However, even in South Tyrol, this arrogance is increasingly out of place. Recent studies show that the province is starting to lose its competitive edge and is suffering from a lack of new academic talent, and that its future prospects are not good. Durnwalder's realm is lacking the basic conditions for success in the globalized economic world. For decades, German-speaking South Tyroleans sought to stave off outside infiltration, a policy that now makes the province less attractive to foreign companies. The number of bilingual young people is declining and commercial property prices are virtually unaffordable. A hectare (2.2 acres) of land in the Bolzano area now goes for about 1 million.
"Nowhere is there as much economic freedom as there is in our province -- for our people, of course," Durnwalder slyly points, when the conversation turns to obstacles to outside investment.
Despite these efforts, the changes in the bastion of South Tyrol can no longer be overlooked. The minute the governor leaves his office he sees groups of Moroccans and Pakistanis gathered in the parks near the bus terminal. Romanians, Poles and Slovaks work long hours in the region's apple orchards, which are protected by anti-hail netting. "Anyone who complains about this is a bigot," says Transportation Minister Widmann. "Many of us don't want to pick apples anymore. Prosperity makes you lazy."
The Problems of a Monoculture
In the village of Margreid, Alois Lageder says that his business depends on seasonal workers from Eastern Europe. Producing an average of 1.5 million bottles of wine a year, he is South Tyrol's biggest private vintner -- and its most unconventional. When he launched the business, his goal was to develop "a strong brand that is independent of South Tyrol." Today he exports his wine to places as far away as Russia and China.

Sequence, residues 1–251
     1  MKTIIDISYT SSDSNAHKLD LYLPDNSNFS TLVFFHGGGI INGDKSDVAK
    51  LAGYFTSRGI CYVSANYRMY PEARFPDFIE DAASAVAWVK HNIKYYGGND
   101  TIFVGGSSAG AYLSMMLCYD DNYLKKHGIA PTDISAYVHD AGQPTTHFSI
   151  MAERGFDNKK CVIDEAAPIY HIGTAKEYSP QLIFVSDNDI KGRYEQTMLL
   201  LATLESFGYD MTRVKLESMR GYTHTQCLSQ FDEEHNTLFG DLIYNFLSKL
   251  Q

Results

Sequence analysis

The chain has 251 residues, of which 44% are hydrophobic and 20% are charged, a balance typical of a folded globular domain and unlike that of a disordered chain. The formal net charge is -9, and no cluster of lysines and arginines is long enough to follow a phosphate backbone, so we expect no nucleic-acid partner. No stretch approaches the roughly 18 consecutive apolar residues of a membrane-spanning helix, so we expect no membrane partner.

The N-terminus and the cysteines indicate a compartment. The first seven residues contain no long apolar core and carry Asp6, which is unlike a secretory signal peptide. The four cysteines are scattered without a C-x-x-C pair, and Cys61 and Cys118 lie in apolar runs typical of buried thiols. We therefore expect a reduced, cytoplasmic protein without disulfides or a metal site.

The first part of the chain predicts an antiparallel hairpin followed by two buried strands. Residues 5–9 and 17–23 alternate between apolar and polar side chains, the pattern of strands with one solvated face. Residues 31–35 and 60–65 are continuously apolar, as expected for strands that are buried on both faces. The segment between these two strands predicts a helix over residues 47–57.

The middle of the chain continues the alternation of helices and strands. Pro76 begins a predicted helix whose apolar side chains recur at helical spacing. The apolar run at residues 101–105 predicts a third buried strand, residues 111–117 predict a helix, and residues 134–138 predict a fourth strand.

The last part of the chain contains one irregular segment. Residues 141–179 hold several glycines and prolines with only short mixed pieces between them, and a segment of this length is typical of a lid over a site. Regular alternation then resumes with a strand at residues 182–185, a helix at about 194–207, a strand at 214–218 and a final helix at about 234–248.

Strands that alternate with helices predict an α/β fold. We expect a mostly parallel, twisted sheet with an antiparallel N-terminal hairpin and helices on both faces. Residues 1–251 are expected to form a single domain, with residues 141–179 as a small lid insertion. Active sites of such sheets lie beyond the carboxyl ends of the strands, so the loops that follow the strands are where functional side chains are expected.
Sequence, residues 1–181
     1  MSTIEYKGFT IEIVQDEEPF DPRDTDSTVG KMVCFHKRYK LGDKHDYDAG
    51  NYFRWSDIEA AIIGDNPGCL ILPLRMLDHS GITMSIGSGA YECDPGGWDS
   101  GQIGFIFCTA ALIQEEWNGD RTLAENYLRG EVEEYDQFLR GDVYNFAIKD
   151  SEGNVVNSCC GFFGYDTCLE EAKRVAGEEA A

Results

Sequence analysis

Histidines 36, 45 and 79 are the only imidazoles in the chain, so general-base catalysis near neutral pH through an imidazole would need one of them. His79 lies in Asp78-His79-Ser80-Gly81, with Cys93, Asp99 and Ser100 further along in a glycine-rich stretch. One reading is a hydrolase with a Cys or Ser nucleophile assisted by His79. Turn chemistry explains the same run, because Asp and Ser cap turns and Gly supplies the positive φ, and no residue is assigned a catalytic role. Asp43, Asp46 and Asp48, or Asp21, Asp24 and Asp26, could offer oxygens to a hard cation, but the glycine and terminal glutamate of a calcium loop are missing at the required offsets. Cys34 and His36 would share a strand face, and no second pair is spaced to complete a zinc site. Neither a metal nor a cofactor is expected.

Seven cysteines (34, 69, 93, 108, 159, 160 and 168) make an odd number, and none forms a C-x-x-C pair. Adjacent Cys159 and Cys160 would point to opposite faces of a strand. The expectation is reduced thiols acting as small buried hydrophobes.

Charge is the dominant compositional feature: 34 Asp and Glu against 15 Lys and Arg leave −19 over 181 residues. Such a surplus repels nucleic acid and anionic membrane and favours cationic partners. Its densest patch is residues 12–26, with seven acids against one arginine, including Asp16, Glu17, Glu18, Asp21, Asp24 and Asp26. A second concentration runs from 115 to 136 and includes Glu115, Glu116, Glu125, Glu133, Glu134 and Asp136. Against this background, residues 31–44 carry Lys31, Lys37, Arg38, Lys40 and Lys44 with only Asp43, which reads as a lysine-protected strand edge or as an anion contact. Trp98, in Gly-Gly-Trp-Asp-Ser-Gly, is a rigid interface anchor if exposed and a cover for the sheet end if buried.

Lageder was already a pioneer among vintners in the 1970s, in the days when South Tyrol was known mainly for inexpensive wine that was sold by the liter, and when the vineyards around Lake Kaltern were producing plenty of rotgut. Today Lageder is 60 and still deeply involved in his life's work. "South Tyrol's problem is monoculture," says Lageder, "in agriculture and in politics."
The vintner has had his share of quarrels with Governor Durnwalder. The two men butted heads when Lageder called upon the provincial government to increase funding for research instead of spending its money on vanity projects. On another occasion, Lageder, an art lover and president of Bolzano's Museion Museum of Modern and Contemporary Art, incurred the governor's wrath when he refused to have a controversial piece by German artist Martin Kippenberger, which depicted a crucified frog holding a beer mug, removed before the pope's 2008 visit. "Durnwalder was in the middle of an election campaign at the time," says Lageder, "and the thing with the frog supposedly cost him up to 20,000 votes. Things were finished between us after that."
- Part 1: Italy's German-Speaking Province Escapes the Crisis
- Part 2: Paying for the South
- Part 3: Traditional Region at a Crossroads